Action-effect binding by observational learning

Markus Paulus*, Wessel van Dam, Sabine Hunnius, Oliver Lindemann, Harold Bekkering

*Corresponding author for this work

Research output: Contribution to journalArticleAcademicpeer-review

24 Citations (Scopus)


The acquisition of bidirectional action-effect associations plays a central role in the ability to intentionally control actions. Humans learn about actions not only through active experience, but also through observing the actions of others. In Experiment 1, we examined whether action-effect associations can be acquired by observational learning. To this end, participants observed how a model repeatedly pressed two buttons during an observation phase. Each of the buttonpresses led to a specific tone (action effect). In a subsequent test phase, the tones served as target stimuli to which the participants had to respond with buttonpresses. Reaction times were shorter if the stimulus-response mapping in the test phase was compatible with the action-effect association in the observation phase. Experiment 2 excluded the possibility that the impact of perceived action effects on own actions was driven merely by an association of spatial features with the particular tones. Furthermore, we demonstrated that the presence of an agent is necessary to acquire novel action-effect associations through observation. Altogether, the study provides evidence for the claim that bidirectional action-effect associations can be acquired by observational learning. Our findings are discussed in the context of the idea that the acquisition of action-effect associations through observation is an important cognitive mechanism subserving the human ability for social learning.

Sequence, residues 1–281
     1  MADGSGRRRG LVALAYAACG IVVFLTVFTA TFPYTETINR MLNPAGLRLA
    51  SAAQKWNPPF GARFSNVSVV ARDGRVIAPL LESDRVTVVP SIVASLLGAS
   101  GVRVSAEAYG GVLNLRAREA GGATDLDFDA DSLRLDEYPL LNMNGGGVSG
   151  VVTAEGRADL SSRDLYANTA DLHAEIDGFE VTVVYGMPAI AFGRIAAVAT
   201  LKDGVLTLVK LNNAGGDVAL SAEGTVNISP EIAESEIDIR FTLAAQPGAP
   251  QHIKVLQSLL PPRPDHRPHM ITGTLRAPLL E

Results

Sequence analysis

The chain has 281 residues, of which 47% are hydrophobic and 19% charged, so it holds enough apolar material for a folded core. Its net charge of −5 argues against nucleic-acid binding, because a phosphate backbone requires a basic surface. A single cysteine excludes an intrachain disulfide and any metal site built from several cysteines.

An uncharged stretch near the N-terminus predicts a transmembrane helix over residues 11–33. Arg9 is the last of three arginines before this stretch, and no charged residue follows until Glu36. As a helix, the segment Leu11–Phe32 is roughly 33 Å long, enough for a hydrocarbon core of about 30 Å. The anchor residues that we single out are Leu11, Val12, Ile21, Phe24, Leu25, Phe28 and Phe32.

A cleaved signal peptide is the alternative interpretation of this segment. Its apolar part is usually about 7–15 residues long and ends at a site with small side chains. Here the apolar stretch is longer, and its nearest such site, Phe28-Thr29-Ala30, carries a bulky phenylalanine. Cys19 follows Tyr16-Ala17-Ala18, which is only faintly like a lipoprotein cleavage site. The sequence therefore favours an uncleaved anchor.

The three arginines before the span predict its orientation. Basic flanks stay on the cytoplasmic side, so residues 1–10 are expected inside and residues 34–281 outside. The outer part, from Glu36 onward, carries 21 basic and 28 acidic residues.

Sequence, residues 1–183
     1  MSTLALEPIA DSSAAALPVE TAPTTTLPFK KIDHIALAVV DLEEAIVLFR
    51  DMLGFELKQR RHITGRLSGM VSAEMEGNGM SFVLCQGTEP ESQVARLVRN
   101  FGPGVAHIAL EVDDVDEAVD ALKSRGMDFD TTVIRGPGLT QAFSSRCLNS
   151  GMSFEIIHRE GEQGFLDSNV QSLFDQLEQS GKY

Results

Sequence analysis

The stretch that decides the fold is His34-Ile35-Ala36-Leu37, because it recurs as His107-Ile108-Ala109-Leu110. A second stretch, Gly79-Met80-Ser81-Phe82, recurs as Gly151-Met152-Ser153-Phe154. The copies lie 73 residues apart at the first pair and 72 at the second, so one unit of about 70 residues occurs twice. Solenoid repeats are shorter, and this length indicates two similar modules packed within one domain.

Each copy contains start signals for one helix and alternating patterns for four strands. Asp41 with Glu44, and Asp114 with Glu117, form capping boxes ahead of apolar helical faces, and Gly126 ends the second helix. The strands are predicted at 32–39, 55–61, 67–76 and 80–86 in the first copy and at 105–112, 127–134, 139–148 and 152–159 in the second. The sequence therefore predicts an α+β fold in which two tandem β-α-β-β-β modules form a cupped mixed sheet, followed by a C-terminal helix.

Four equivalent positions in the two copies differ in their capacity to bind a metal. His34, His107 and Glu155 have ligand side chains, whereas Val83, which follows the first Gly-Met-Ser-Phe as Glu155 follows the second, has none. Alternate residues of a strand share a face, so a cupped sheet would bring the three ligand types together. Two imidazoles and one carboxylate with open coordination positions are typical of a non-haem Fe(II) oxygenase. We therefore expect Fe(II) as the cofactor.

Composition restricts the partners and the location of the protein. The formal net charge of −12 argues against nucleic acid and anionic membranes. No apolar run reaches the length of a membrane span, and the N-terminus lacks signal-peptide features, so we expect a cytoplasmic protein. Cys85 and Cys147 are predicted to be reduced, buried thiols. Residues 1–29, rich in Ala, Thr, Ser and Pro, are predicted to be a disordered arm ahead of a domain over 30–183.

Original languageEnglish
Pages (from-to)1022-1028
Number of pages7
JournalPsychonomic Bulletin and Review
Issue number5
Publication statusPublished - Oct 2011
Externally publishedYes


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